Over the past two years, you and other safety net providers have shared with us your biggest obstacles in caring for your patients.

For some of you, it’s the difficulty coordinating care for patients as they move from one primary care doctor or specialist to another.

For others, it’s the troubling lack of data on the effectiveness of many new health care technologies.

For still others, it’s the frustration of trying to integrate those technologies with electronic medical records. An online “coaching” program that encourages diabetes patients to exercise and eat well between doctor’s visits could be a game-changer — but only if you can get the program to work seamlessly with your system.

Enter Raven, a platform we’ve developed to tackle these persistent barriers to effective health care —and fix them.  Raven was created to:

  • Solve the challenges of interoperability, which one expert has dubbed “the holy grail of health care.” Just as you can make calls from either a mobile phone or a landline with equal success, Raven will make it possible for machines and information systems in health care settings to share data no matter where they are.
  • Find out which third-party software actually works with your legacy Electronic Health Record (EHR) system
  • Understand how third-party apps fit into your clinical workflow
  • Search for other software solutions that could help you deliver better and more cost-effective care to your patients
  • Give you the opportunity to try out clinical analytics tracking software, online patient coaching programs and hundreds more innovative tools and see how they connect to your EHR.

Raven is a new initiative of the Center for Care Innovations, which has a long history of trust and collaboration in the safety net community.  As part of CCI’s tech hub, we have developed a solutions provider directory, a sandbox in which safety providers can test cutting-edge tools and apps, platforms for the five leading electronic health records and secure messaging for vendors.

Members of the safety net community have given me valuable support and recommendations throughout this project.  I treasure the input since it has made the platform better.

Thanks, too, to those of you in the health care solutions community.

As we’re getting ready to make this platform available to the safety net world, you may wonder: why the name “Raven”?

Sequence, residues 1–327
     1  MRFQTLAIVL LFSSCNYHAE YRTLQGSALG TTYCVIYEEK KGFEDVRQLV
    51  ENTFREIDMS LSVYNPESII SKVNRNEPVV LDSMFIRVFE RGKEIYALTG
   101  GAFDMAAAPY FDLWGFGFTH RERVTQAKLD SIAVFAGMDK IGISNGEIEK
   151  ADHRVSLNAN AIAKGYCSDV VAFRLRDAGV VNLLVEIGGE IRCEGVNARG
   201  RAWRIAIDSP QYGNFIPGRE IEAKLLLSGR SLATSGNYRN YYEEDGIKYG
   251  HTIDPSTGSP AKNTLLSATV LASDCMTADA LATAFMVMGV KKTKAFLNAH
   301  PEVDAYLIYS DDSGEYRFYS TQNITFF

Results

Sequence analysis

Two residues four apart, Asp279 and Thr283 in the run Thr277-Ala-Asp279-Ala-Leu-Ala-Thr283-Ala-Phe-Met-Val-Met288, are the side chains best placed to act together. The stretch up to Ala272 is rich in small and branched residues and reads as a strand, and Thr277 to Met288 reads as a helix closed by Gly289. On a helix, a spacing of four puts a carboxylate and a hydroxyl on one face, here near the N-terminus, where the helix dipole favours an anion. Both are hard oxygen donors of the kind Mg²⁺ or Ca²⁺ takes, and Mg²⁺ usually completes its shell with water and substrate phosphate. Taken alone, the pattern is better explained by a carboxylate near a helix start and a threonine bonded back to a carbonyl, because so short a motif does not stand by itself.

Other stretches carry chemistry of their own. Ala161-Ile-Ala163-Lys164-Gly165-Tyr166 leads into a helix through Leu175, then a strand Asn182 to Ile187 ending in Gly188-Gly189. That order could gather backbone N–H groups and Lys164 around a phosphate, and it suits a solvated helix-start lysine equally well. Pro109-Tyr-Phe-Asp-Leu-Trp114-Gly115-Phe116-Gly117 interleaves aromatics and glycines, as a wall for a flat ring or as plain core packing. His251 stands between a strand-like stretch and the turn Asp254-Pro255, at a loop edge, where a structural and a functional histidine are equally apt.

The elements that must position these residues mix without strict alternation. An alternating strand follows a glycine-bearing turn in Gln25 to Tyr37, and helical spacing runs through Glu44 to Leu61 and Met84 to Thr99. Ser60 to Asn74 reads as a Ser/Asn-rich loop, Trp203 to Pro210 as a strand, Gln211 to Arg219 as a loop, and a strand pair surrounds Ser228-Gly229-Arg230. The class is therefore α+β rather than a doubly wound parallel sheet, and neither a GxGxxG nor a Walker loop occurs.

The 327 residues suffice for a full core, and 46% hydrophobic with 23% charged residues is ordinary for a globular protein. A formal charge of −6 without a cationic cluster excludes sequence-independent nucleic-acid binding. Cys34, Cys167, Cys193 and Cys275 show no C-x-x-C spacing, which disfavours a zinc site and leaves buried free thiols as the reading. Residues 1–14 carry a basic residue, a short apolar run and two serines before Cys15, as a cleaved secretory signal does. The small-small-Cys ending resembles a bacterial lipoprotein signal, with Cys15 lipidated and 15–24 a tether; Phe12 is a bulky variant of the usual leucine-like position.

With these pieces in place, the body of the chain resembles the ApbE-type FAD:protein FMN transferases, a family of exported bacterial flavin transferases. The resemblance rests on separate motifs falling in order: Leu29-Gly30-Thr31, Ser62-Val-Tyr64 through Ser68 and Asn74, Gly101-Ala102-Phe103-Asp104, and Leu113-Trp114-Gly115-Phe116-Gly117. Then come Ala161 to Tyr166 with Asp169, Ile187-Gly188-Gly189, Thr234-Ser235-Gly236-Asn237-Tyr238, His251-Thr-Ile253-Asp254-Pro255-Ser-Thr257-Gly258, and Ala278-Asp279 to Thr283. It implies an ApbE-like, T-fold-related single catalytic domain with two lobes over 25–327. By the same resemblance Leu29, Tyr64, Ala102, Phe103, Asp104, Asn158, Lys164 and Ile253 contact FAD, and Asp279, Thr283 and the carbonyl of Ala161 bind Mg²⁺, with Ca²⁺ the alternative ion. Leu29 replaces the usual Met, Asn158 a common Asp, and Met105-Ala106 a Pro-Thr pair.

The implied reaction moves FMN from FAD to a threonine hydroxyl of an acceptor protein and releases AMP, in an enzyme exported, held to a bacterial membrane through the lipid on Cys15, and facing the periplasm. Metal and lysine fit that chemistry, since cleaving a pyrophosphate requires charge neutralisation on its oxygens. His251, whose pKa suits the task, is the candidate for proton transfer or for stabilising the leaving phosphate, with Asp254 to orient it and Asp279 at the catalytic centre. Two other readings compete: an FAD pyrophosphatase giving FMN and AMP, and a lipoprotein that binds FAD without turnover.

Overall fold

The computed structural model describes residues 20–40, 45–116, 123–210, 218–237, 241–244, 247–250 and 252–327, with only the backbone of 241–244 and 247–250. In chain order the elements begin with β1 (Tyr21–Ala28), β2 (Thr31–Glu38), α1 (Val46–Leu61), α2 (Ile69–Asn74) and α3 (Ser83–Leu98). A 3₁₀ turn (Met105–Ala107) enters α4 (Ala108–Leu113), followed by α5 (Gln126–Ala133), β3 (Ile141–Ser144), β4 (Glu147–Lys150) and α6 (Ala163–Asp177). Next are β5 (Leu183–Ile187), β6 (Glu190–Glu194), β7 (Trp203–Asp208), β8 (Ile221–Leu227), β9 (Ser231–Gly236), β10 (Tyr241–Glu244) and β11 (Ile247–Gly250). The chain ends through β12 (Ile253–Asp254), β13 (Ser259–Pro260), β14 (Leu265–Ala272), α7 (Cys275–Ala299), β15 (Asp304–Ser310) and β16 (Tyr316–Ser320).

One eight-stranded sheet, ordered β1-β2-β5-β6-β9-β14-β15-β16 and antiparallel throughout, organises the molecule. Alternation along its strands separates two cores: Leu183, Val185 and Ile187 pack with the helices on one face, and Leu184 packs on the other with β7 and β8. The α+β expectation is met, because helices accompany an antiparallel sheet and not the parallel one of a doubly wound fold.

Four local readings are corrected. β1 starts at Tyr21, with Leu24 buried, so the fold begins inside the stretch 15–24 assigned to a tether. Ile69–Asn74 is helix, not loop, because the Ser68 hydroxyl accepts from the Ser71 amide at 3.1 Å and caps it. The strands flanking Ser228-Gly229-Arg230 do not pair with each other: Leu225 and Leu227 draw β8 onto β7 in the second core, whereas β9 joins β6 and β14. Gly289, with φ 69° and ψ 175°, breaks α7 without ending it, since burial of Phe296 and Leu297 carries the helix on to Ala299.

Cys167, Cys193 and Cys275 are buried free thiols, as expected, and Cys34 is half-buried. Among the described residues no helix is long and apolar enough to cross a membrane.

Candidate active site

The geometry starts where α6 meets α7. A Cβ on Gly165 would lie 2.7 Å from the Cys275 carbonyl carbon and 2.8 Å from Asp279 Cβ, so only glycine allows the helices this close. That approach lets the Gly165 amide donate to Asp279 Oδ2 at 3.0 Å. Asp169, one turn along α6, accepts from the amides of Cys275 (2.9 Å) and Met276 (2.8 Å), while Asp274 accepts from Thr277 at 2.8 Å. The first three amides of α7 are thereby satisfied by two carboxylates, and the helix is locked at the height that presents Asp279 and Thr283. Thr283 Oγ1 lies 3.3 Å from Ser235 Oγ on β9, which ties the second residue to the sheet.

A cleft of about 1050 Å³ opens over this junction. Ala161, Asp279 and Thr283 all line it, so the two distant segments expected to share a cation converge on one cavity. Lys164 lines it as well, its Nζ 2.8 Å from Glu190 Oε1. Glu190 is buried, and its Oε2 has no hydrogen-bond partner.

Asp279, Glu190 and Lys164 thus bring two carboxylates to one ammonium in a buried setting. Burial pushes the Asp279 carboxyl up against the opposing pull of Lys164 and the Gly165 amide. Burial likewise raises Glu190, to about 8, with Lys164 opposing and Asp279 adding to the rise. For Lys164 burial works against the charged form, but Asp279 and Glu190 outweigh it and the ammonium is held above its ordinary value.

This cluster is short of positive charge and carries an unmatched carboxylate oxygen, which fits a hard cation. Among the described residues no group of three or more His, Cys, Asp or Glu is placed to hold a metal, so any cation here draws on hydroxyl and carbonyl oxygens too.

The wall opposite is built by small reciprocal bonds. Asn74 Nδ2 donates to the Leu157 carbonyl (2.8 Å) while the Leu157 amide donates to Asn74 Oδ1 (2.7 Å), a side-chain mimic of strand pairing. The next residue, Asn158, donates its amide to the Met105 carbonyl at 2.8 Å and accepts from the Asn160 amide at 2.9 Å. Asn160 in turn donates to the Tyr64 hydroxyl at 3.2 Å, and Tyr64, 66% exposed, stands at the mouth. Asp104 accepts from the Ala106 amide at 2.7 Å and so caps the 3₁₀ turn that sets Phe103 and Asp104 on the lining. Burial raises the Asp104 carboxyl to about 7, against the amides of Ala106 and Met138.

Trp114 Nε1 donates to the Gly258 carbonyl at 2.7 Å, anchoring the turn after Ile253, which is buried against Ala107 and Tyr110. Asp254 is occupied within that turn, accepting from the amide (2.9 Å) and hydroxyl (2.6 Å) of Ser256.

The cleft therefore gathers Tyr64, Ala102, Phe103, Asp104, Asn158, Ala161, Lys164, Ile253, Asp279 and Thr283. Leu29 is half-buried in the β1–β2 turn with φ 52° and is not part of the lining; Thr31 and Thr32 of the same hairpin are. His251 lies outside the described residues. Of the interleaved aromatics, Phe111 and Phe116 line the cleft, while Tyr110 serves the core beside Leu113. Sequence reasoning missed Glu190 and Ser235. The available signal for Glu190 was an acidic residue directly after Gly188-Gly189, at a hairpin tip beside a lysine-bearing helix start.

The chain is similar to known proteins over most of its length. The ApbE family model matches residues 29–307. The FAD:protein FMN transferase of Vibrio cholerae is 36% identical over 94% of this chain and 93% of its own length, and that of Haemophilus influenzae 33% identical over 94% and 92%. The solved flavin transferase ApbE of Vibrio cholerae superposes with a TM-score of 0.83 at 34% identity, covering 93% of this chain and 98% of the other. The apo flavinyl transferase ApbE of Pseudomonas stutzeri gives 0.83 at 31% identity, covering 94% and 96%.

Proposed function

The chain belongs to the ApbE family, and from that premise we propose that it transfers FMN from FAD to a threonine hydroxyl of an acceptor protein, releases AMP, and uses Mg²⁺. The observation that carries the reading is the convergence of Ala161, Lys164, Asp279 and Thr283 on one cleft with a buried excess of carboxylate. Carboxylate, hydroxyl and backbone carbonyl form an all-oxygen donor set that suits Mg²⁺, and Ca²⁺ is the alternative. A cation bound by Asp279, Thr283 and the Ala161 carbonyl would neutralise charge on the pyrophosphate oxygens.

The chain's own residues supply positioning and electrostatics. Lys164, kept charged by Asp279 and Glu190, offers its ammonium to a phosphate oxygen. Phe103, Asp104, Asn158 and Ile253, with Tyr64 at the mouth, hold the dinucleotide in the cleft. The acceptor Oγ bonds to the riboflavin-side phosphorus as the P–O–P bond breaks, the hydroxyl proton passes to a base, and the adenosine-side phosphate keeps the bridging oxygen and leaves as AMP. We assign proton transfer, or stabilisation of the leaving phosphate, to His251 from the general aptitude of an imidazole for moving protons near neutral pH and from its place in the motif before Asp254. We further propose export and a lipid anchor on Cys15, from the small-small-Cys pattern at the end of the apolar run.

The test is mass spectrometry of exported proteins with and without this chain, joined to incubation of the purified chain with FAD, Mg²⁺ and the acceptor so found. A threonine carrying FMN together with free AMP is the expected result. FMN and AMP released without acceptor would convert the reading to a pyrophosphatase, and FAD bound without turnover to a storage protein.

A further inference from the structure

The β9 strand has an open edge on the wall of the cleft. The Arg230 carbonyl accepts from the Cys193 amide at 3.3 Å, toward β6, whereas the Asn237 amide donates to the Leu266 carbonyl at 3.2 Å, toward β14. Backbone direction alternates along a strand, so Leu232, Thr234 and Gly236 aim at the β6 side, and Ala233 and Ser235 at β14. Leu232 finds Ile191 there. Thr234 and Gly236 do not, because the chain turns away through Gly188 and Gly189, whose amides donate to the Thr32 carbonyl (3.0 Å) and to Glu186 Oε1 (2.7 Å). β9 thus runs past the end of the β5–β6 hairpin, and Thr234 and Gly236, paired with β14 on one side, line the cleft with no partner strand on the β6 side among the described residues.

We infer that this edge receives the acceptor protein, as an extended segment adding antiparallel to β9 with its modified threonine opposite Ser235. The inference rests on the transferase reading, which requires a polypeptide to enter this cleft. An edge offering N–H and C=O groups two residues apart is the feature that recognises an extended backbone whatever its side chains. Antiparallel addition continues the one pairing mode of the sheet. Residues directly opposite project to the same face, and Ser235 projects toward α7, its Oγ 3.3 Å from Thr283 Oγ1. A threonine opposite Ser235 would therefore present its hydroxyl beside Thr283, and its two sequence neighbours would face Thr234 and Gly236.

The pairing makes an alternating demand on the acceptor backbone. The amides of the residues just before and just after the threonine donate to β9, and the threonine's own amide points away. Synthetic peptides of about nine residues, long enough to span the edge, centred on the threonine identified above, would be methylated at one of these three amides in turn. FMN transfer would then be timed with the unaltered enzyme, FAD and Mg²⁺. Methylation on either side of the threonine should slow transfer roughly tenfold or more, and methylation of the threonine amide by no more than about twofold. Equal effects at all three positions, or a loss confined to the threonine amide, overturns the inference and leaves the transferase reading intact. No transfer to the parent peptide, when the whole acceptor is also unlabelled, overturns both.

Scientists have found that ravens have amazing problem-solving abilities and cognitive powers – some on par with those of people.

For instance, humans have the foresight to plan for the future, but so do ravens. In a controlled academic study, ravens have been shown to be able to plan ahead for their next meal.

As it turned out, the birds are actually more skilled at such planning than human children.

In identical experiments comparing the foresight of ravens with four-year-olds, the birds came out on top.

The five birds were first offered a simple tool that allowed them to open a puzzle box and get a reward (i.e., food). The scientists then took away everything, and an hour later offered each bird the box-opening tool and some “distractor” objects. Even though no reward box was in sight, almost every raven snatched up the tool. Not only that, they remembered how to use it when the box mysteriously reappeared 17 hours later.

But the real clincher came when the ravens were offered an immediate reward (food), along with the tool and objects intended as distractions. To a bird, the ravens again chose the tool, showing more self-control than the toddlers.

The novel experiment suggests ravens “can indeed plan into the near future” based on behavioral principles rather than just simple trial-and-error learning, according to Andreas Nieder, a neuroscientist at the University of Tuebingen in Germany.

“A second, and maybe even more important aspect, is that the ravens’ planning abilities are not limited to specific everyday situations,” Nieder told reporters Ravens can apply their knowledge, he said, “to totally novel situations, solving problems even if they are not related to the usual daily business. [This] is a clear sign of mental flexibility and therefore intelligence.”

Being able to wait and think things over before acting is at the core of intelligence and probably explains why ravens are so smart.

Finally, did you know that a gathering of ravens is referred to as a conspiracy?

When I take all these features into account, it describes exactly what we are trying to accomplish on Raven.

  • The foresight to plan for future events
  • The flexibility to respond to totally novel situations
  • Innovation and agility
  • The notion that together we are a conspiracy – a conspiracy to solve our problems on our terms to take better care of our patients

Welcome to Raven!

Ray Pedden and the Raven Team
Center for Care Innovations